William Smith Clark was in Hokkaido for only eight months but, as John Maki's fascinating biography shows, his influence has endured. A Yankee in Hokkaido places Clark's appointment to oversee the creation of the Sapporo Agricultural College within the context of the Meiji era's drive to modernize and Westernize Japan and to settle the island of Hokkaido. Maki recounts how Clark inspired his Japanese contemporaries with an idealistic vision of the future born in the United States of the late nineteenth century; with agricultural expertise and pedagogical initiatives; and with his devotion to the moral development of his students-men who would later number among the leaders of modern Japan. The work also offers the reader an intimate portrait of this extraordinary citizen of Massachusetts from childhood through Civil War action to the founding and running of the Massachusetts Agricultural College, known today as the University of Massachusetts at Amherst.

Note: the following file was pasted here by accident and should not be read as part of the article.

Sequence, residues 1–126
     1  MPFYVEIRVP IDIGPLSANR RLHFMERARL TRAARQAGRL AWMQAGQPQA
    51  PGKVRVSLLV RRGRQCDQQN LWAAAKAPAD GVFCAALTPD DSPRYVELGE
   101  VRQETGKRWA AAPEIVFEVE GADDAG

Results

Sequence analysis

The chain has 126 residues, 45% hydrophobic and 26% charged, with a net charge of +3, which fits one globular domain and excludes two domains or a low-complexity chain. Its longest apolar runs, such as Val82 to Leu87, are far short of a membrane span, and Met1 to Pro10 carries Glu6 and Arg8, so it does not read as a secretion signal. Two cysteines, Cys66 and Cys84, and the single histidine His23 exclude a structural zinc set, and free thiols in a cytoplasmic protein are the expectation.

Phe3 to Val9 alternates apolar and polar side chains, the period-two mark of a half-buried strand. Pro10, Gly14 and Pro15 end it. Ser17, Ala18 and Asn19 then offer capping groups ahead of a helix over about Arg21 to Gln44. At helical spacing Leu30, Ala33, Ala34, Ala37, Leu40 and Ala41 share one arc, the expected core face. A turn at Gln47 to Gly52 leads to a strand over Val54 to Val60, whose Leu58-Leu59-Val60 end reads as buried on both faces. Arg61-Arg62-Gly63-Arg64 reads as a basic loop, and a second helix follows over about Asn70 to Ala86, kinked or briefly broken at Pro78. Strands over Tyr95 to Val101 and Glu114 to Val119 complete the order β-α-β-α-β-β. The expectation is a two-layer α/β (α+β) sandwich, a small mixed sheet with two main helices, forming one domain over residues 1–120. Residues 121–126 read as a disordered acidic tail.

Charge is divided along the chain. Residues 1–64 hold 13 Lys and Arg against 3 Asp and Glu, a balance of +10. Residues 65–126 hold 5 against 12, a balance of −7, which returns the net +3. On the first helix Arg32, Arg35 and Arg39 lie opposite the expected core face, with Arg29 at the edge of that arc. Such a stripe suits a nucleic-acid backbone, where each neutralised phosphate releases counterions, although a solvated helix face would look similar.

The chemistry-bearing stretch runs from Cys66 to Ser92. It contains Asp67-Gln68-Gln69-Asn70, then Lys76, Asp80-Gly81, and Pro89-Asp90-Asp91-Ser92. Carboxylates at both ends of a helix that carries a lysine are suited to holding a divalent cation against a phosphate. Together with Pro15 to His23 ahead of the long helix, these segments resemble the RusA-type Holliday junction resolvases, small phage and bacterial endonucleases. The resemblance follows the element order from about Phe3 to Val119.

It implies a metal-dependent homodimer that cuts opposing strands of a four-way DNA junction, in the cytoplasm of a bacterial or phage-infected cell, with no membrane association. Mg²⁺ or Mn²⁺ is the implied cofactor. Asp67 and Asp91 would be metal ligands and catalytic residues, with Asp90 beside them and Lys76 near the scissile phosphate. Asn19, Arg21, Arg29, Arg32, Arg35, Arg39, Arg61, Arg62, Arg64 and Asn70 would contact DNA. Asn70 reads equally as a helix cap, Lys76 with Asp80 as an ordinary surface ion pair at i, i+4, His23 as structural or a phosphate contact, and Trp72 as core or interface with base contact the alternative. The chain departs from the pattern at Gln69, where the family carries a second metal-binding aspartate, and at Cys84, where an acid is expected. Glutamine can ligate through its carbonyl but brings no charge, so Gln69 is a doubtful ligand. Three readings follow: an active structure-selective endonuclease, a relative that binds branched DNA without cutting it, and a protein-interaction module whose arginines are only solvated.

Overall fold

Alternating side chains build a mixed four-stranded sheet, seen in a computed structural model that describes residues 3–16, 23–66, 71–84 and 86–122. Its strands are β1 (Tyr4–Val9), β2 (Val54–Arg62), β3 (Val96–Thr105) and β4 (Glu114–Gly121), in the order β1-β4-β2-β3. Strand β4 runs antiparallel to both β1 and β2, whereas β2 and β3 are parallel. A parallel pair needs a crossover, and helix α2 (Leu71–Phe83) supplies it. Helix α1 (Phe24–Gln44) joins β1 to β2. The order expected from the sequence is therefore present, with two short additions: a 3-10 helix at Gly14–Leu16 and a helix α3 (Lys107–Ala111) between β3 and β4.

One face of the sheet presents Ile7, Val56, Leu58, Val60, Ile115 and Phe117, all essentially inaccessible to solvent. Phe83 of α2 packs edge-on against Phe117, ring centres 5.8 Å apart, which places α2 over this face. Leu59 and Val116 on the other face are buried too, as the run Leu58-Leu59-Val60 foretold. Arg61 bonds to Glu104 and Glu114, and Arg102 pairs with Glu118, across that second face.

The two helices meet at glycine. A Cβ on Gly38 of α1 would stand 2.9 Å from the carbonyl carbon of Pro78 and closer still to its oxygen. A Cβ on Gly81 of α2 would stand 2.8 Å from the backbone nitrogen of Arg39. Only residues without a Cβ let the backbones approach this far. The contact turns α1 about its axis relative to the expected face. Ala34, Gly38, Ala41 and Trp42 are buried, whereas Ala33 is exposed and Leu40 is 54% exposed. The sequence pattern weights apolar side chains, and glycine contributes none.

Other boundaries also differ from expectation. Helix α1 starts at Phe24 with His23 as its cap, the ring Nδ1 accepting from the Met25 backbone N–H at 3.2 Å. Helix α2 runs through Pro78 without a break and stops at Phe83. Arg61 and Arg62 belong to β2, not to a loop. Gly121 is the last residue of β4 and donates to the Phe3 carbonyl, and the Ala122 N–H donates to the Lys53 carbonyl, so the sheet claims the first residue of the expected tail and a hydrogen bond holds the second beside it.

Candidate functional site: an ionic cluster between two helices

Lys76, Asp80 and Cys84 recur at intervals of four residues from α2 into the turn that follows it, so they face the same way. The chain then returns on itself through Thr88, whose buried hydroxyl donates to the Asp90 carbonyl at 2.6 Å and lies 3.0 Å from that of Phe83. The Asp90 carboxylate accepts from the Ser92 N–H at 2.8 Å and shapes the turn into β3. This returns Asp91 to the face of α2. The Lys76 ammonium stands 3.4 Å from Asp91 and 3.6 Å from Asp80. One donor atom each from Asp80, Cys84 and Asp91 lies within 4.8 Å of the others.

John M. Maki is Professor Emeritus at the University of Massachusetts at Amherst. He has taught at the University of Washington and the Unviersity of Massachusetts. He was granted an honorary LL.D. from Hokkaido University in 1976 and in 1983 was awarded the Order of the Sacred Treasure, Third Class.
Part 1 Foreword Part 2 Preface Chapter 3 The Man and the Families Chapter 4 The Making of an Academician Chapter 5 The Civil War: An Interlude Chapter 6 Massachusetts Agricultural College Chapter 7 The Road to Hokkaido Chapter 8 Sapporo Agricultural College Chapter 9 The Work of Three Men Chapter 10 Voyage Home Chapter 11 From MAC to the Floating College Chapter 12 "Clark & Bothwell" Chapter 13 Death and Heritage